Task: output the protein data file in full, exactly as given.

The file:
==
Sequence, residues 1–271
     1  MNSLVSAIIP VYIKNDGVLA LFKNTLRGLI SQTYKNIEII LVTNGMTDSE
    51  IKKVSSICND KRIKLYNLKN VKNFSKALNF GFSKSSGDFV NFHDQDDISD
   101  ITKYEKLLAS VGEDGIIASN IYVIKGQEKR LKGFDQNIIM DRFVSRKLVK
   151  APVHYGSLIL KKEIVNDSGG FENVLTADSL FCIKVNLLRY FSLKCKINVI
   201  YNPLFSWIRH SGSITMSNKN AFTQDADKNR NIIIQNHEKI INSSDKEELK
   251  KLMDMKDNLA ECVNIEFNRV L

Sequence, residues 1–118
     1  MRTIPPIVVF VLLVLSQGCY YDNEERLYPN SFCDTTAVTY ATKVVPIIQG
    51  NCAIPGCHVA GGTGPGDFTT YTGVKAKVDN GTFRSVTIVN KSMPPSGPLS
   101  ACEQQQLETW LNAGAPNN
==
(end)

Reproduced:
Sequence, residues 1–271
     1  MNSLVSAIIP VYIKNDGVLA LFKNTLRGLI SQTYKNIEII LVTNGMTDSE
    51  IKKVSSICND KRIKLYNLKN VKNFSKALNF GFSKSSGDFV NFHDQDDISD
   101  ITKYEKLLAS VGEDGIIASN IYVIKGQEKR LKGFDQNIIM DRFVSRKLVK
   151  APVHYGSLIL KKEIVNDSGG FENVLTADSL FCIKVNLLRY FSLKCKINVI
   201  YNPLFSWIRH SGSITMSNKN AFTQDADKNR NIIIQNHEKI INSSDKEELK
   251  KLMDMKDNLA ECVNIEFNRV L

Sequence, residues 1–118
     1  MRTIPPIVVF VLLVLSQGCY YDNEERLYPN SFCDTTAVTY ATKVVPIIQG
    51  NCAIPGCHVA GGTGPGDFTT YTGVKAKVDN GTFRSVTIVN KSMPPSGPLS
   101  ACEQQQLETW LNAGAPNN